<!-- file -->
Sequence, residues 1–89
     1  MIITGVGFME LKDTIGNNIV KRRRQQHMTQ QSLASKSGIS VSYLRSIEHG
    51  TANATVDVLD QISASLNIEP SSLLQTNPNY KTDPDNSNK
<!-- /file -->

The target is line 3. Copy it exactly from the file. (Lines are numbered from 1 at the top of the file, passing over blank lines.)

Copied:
    51  TANATVDVLD QISASLNIEP SSLLQTNPNY KTDPDNSNK